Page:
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  6. Heiner Bielefeldt (2003). Symbolic Representation in Kant's Practical Philosophy. Cambridge University Press.
    This book is the first to explore in detail the role that symbolic representation plays in the architecture of Kant's philosophy. Symbolic representation fulfills a crucial function in Kant's practical philosophy because it serves to mediate between the unconditionality of the categorical imperative and the inescapable finiteness of the human being. By showing how the nature of symbolic representation plays out across all areas of the practical philosophy - moral philosophy, legal philosophy, philosophy of history and philosophy of religion - (...)
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  7. Heiner Bielefeldt (2001). Hegelianizing Kant?: Allen W. Wood's Interpretation of Kant's Ethical Thought. [REVIEW] Canadian Journal of Philosophy 31 (3):445-451.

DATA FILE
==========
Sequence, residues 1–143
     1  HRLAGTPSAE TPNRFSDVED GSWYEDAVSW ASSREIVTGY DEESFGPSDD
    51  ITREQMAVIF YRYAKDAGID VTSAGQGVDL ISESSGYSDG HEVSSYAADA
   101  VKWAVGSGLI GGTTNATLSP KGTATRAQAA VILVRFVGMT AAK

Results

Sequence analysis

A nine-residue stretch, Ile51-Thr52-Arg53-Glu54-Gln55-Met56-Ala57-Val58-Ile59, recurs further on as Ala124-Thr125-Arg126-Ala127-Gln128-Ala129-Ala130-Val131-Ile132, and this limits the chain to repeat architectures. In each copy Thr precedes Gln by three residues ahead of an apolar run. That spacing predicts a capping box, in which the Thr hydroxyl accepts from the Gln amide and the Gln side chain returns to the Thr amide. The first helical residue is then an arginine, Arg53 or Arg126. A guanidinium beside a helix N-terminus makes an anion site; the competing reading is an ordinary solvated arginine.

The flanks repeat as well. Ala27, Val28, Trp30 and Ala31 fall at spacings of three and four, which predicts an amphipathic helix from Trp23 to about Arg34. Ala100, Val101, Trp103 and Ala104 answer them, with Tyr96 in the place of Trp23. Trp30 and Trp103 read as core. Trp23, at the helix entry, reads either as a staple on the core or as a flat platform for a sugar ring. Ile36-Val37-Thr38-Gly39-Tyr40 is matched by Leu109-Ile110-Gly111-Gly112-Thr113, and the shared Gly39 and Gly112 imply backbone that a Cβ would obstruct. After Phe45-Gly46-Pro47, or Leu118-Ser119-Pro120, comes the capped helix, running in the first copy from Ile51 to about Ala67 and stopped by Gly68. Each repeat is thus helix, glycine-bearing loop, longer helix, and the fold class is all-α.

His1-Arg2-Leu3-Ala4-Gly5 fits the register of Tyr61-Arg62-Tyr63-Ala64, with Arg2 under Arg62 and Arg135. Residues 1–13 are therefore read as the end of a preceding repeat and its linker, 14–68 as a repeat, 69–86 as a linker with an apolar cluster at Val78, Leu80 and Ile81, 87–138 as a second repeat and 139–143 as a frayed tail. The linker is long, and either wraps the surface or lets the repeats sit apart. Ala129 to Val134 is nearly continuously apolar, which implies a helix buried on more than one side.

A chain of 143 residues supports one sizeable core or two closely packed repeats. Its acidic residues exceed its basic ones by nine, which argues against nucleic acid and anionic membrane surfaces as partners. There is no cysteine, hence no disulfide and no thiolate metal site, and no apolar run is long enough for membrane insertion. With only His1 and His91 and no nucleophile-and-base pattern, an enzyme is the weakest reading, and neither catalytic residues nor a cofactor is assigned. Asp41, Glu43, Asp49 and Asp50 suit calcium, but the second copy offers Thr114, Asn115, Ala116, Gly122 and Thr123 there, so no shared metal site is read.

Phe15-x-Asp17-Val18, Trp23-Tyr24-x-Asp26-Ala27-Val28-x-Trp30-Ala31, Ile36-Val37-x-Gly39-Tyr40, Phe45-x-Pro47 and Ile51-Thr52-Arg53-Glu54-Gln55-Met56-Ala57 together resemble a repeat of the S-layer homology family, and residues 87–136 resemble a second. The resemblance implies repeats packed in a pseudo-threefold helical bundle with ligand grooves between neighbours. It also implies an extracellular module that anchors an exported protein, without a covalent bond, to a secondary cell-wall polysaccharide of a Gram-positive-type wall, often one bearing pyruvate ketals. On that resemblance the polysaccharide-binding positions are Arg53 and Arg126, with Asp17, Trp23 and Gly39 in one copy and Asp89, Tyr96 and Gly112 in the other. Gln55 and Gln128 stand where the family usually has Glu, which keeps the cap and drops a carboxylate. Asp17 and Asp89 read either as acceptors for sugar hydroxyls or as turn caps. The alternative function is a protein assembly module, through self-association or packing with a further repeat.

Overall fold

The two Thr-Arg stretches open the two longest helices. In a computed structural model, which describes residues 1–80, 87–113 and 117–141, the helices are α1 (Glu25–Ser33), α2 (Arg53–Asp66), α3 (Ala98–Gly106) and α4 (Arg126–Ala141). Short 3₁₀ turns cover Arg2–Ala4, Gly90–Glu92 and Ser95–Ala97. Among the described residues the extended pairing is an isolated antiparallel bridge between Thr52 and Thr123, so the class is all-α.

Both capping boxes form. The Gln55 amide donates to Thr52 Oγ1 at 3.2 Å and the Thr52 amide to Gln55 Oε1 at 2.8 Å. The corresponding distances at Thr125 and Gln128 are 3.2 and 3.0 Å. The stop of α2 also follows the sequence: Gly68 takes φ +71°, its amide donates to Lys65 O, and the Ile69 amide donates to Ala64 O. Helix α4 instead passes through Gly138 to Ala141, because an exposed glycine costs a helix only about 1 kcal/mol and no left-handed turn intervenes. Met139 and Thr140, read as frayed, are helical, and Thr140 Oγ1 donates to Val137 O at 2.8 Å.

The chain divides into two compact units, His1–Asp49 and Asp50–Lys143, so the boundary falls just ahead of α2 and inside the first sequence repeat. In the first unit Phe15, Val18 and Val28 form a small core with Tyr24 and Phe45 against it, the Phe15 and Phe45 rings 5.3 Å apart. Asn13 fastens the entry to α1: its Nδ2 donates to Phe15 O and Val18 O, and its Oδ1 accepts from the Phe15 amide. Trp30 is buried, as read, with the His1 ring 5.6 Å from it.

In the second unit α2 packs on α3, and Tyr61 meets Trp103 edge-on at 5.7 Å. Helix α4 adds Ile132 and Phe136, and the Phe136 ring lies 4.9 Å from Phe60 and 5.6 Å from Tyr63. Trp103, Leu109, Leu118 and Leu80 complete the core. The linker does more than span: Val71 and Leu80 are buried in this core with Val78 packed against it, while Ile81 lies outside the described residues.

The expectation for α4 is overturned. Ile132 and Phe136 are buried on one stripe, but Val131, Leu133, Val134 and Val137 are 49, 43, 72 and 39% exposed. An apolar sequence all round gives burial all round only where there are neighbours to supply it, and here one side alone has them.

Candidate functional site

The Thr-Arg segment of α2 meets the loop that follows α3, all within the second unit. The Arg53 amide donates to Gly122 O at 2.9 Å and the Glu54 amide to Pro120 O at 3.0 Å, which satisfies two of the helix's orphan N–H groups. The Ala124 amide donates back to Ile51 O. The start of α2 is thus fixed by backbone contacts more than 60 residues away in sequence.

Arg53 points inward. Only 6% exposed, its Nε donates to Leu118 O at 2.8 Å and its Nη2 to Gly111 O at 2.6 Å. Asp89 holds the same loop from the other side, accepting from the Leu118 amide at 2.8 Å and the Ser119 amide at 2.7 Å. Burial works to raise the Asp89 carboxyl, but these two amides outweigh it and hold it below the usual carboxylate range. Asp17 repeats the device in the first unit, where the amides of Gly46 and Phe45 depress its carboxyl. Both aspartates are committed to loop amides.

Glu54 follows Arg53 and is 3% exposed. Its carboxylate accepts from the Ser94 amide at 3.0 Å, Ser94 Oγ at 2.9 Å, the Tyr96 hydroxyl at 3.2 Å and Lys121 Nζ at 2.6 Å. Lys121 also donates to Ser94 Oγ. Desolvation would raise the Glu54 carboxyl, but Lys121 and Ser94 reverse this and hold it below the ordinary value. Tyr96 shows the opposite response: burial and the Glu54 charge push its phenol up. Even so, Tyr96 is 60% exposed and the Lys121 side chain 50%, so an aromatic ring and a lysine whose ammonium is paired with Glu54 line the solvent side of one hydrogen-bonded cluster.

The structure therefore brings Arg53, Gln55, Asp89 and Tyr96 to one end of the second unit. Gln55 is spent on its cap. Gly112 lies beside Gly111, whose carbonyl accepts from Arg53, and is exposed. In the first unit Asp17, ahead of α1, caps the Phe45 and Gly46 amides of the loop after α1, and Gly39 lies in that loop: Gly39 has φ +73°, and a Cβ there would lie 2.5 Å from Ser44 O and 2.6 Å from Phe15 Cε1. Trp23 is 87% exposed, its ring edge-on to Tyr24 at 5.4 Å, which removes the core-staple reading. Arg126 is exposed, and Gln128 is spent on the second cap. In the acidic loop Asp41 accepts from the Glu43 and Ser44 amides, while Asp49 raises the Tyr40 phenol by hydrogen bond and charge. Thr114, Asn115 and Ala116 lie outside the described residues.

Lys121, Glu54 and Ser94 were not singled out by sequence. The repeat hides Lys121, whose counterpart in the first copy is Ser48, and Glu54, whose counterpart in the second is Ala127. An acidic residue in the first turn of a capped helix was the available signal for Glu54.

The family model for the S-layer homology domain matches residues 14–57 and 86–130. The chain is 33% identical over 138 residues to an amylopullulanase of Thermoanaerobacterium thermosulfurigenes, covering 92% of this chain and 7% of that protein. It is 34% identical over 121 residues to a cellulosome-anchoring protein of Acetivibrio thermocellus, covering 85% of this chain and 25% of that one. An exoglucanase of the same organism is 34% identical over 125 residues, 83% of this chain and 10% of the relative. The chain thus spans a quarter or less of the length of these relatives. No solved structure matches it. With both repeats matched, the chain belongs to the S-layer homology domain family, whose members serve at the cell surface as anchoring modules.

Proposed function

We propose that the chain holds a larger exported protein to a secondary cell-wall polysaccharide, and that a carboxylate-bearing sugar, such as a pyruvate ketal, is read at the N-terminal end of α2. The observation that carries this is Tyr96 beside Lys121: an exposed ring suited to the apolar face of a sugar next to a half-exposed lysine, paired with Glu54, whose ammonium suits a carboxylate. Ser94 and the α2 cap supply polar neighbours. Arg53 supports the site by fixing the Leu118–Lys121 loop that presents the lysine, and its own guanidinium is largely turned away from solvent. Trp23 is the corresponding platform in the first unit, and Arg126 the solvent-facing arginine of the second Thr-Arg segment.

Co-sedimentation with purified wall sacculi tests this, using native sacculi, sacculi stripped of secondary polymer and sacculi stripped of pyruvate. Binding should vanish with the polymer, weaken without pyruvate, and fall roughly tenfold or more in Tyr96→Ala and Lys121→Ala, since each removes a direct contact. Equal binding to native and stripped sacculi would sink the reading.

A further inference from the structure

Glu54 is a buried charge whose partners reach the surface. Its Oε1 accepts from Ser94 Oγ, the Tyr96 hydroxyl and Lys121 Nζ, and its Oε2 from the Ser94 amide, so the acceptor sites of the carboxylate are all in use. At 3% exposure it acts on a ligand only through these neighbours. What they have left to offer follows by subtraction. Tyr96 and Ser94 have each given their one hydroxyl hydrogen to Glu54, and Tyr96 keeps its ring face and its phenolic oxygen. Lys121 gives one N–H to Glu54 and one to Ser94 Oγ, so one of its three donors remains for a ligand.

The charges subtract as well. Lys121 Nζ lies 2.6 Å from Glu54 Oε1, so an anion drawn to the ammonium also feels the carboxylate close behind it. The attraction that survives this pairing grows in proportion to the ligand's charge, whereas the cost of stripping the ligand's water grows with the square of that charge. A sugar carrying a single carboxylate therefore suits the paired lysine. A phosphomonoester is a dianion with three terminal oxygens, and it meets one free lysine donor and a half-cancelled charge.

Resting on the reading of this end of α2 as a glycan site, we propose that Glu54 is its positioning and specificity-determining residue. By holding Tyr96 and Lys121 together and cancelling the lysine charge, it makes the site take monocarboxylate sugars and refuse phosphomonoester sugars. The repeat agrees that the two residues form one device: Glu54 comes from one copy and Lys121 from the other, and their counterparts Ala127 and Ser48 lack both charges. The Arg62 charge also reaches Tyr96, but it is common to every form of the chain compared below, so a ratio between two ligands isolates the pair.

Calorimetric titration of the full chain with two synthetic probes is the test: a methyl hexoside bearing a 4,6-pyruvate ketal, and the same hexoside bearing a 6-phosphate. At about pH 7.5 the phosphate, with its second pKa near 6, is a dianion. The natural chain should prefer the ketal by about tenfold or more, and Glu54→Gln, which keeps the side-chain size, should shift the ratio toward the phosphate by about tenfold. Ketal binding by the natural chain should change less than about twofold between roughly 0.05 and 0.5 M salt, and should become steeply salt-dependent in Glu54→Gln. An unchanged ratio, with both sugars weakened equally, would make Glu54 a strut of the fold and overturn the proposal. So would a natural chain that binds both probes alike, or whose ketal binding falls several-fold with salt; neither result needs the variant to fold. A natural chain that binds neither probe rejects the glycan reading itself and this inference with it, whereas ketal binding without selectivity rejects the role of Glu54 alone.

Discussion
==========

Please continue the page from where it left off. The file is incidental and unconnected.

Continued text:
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  8. John Bourke (1942). Kant's Doctrine of "Perpetual Peace". Philosophy 17 (68):324 - 333.
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  9. Elizabeth Brake (2007). Marriage, Morality, and Institutional Value. Ethical Theory and Moral Practice 10 (3):243 - 254.
    This paper develops a Kantian account of the moral assessment of institutions. The problem I address is this: while a deontological theory may find that some legal institutions are required by justice, it is not obvious how such a theory can assess institutions not strictly required (or prohibited) by justice. As a starting-point, I consider intuitions that in some cases it is desirable to attribute non-consequentialist moral value to institutions not required by justice. I will argue that neither consequentialist nor (...)
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  10. Daniel Breazeale (2001). J. G. Fichte, Review of Immanuel Kant,Perpetual Peace: A Philosophical Sketch (Königsburg: Nicolovius, 1795). Philosophical Forum 32 (4):311–321.